Philosophy and Influences

I believe in working quickly - not because I care about government timescales (I don't) but because it's the right thing to do for children. If a child is suffering harm, I don't want to leave them suffering. If a child's future is uncertain, I don't want them to remain in limbo.

Timescales are flawed because they are arbitrary and because they make things take longer (if you give someone a deadline, they will work to the deadline). Timeliness, on the other hand, is vital.

Working quickly isn't the same as 'rushing': people 'rush' when they've left things late and are panicking to finish work at the last minute. Working comprehensively, analytically and quickly means never needing to rush - when I finish a report weeks ahead of schedule, and then realise it could be improved, then I can improve it without having to watch the clock.

I am a methodical practitioner taking a systems theory approach to my work. My inspirations include Jake Chapman, John Rawls, Andrew Turnell, Eileen Munro, Gary Klein, Michael Power and Peter Reder.

I believe that social work suffers a fixation with 'audit culture'. I believe that 'doing things right' is not the same as 'doing the right thing'. I believe that a positive 'output' is not the same as a positive 'outcome'.

I believe that a top-down New Public Management style can encourage good record-keeping and following processes, but that recording everything we've done, and following a rigid procedure, is not the same as doing something well. Local Authorities, like all organisations, need to be accountable, but should be assessed on their professional judgement, not their inflexible adherence to process or dogma.

This isn't an argument against processes, but an argument for much more intelligent processes that recognise the inherent complexity involved in protecting children from harm. What policy-makers see as a flow-chart is, in reality, a raging torrent with the occasional whirlpool...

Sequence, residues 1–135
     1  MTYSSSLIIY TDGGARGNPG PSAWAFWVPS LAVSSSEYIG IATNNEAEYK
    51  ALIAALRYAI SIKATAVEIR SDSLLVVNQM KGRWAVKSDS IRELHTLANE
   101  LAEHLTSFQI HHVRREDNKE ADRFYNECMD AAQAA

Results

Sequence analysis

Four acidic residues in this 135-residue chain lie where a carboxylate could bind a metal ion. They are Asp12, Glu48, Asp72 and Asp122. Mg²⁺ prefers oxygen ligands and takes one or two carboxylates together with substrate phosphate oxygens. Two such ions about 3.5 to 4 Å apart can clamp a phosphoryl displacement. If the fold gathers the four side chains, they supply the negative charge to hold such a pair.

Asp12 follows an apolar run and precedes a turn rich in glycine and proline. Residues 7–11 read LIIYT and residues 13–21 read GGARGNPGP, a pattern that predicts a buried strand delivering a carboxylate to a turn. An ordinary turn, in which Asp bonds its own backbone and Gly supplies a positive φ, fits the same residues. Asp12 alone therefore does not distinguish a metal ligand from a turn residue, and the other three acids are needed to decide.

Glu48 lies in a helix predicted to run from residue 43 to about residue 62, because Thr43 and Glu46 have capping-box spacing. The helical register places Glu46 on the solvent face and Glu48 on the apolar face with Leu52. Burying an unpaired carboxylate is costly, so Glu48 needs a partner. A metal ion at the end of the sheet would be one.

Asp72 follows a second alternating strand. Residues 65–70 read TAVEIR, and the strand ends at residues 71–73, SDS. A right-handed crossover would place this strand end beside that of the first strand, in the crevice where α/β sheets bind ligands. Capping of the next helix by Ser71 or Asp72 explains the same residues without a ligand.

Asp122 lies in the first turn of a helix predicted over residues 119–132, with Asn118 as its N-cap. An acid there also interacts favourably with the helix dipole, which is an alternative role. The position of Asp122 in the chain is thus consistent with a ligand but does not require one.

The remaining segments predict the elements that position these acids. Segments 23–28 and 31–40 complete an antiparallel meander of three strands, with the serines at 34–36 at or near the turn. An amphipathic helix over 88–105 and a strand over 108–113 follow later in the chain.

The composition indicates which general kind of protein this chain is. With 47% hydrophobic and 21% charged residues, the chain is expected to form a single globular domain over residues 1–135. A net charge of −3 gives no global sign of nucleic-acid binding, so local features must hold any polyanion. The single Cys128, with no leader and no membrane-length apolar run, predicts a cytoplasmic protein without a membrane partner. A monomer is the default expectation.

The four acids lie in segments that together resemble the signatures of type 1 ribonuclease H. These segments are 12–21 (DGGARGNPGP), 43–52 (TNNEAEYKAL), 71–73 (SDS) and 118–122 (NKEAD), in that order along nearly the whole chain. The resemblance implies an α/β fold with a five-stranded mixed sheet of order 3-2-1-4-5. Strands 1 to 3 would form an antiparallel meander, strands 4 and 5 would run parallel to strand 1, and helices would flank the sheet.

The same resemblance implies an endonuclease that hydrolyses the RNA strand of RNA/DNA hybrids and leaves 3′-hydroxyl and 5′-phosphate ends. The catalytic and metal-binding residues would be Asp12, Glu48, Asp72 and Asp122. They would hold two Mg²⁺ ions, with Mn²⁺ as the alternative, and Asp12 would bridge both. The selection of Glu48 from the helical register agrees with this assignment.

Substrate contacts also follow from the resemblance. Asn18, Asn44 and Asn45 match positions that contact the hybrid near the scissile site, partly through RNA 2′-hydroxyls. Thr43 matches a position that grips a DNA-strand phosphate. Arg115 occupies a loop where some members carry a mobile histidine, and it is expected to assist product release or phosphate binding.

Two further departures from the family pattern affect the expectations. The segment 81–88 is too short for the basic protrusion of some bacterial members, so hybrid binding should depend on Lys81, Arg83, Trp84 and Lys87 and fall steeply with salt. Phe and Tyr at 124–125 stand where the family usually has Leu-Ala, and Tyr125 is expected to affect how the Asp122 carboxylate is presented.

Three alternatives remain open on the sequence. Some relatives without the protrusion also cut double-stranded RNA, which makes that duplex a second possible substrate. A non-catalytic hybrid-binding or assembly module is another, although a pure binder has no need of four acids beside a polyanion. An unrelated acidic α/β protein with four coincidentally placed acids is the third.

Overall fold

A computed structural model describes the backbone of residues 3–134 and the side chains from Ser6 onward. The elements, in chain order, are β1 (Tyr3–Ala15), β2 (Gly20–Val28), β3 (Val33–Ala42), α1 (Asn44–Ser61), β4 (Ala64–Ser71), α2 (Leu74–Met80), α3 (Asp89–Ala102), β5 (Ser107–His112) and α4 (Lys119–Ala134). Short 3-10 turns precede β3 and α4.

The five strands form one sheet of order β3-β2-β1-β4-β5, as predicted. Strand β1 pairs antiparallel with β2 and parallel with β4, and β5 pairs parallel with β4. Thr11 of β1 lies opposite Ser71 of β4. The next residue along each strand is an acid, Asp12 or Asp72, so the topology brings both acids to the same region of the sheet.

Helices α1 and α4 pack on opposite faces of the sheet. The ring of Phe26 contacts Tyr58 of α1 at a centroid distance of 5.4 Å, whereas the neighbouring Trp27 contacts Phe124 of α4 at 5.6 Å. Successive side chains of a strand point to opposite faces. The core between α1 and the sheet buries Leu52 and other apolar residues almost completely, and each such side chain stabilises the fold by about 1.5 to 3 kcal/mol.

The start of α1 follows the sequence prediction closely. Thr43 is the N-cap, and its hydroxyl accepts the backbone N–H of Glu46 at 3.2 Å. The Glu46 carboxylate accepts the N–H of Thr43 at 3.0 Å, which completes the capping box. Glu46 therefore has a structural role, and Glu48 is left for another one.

I take a holistic approach to the job: if someone is in poor health, their work will suffer. I am (to my knowledge) the first social work lecturer to emphasise the importance of diet and exercise alongside more well-established skills such as reflection, analysis, and empathy.

I dislike the 'presenteeism' rife in western corporate culture, which has infected the public sector: we place too much value on how many hours someone works and not enough on both the quantity and quality of work done. While some roles (eg on a duty desk) require attendance for specific hours, most practice should be focussed on doing something well rather than spending unhealthy numbers of hours doing it. This doesn't mean cutting corners: the most efficient workers, in my experience, are also the ones spending most time with children and families. Efficiency means spending less time in the office, particularly on duplicating tasks, and more time face to face, working with people.

My holistic approach to social work also focusses on attitudes and motivation: I have long believed (and seen) that a social worker with limited skills, but a caring attitude to the job and a genuine desire to improve their practice and do good work, can become a much better worker than someone who starts out with more skills but lacks motivation or empathy. The skills and knowledge are important, but they are more likely to improve if the attitude is there. I therefore emphasise:

as the basis of good social work practice. In my mentoring and training, I explore what each of these mean and how to develop and maintain them in practice settings.